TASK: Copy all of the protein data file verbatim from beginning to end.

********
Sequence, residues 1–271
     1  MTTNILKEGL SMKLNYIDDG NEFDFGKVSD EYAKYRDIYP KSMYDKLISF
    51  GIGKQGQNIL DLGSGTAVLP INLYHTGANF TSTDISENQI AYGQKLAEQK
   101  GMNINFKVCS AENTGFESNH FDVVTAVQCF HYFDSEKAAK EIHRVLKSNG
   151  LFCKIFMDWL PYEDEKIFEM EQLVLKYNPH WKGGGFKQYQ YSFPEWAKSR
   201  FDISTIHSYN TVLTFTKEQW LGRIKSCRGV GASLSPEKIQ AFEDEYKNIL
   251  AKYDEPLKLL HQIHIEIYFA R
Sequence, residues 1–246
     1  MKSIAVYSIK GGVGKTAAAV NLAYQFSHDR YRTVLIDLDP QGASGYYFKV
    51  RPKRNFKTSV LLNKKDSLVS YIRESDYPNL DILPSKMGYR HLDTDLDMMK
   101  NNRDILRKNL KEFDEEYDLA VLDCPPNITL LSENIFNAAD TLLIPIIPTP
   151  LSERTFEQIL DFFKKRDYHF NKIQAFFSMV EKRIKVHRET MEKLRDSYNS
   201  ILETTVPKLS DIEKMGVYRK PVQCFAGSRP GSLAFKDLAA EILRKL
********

Sequence, residues 1–271
     1  MTTNILKEGL SMKLNYIDDG NEFDFGKVSD EYAKYRDIYP KSMYDKLISF
    51  GIGKQGQNIL DLGSGTAVLP INLYHTGANF TSTDISENQI AYGQKLAEQK
   101  GMNINFKVCS AENTGFESNH FDVVTAVQCF HYFDSEKAAK EIHRVLKSNG
   151  LFCKIFMDWL PYEDEKIFEM EQLVLKYNPH WKGGGFKQYQ YSFPEWAKSR
   201  FDISTIHSYN TVLTFTKEQW LGRIKSCRGV GASLSPEKIQ AFEDEYKNIL
   251  AKYDEPLKLL HQIHIEIYFA R
Sequence, residues 1–246
     1  MKSIAVYSIK GGVGKTAAAV NLAYQFSHDR YRTVLIDLDP QGASGYYFKV
    51  RPKRNFKTSV LLNKKDSLVS YIRESDYPNL DILPSKMGYR HLDTDLDMMK
   101  NNRDILRKNL KEFDEEYDLA VLDCPPNITL LSENIFNAAD TLLIPIIPTP
   151  LSERTFEQIL DFFKKRDYHF NKIQAFFSMV EKRIKVHRET MEKLRDSYNS
   201  ILETTVPKLS DIEKMGVYRK PVQCFAGSRP GSLAFKDLAA EILRKL